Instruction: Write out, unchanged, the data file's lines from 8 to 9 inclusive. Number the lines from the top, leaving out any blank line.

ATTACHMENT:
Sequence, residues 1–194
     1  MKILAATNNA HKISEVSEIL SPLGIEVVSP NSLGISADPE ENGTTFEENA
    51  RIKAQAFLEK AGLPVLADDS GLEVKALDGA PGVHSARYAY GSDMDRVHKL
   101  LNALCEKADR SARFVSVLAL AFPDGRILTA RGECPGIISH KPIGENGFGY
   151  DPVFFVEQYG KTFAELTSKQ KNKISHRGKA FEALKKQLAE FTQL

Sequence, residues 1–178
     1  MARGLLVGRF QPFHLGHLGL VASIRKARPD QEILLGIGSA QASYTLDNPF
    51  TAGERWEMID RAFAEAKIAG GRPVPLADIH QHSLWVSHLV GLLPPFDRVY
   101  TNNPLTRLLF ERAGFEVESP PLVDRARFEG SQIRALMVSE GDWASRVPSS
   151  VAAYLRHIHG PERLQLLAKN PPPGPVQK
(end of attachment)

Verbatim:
    51  TAGERWEMID RAFAEAKIAG GRPVPLADIH QHSLWVSHLV GLLPPFDRVY
   101  TNNPLTRLLF ERAGFEVESP PLVDRARFEG SQIRALMVSE GDWASRVPSS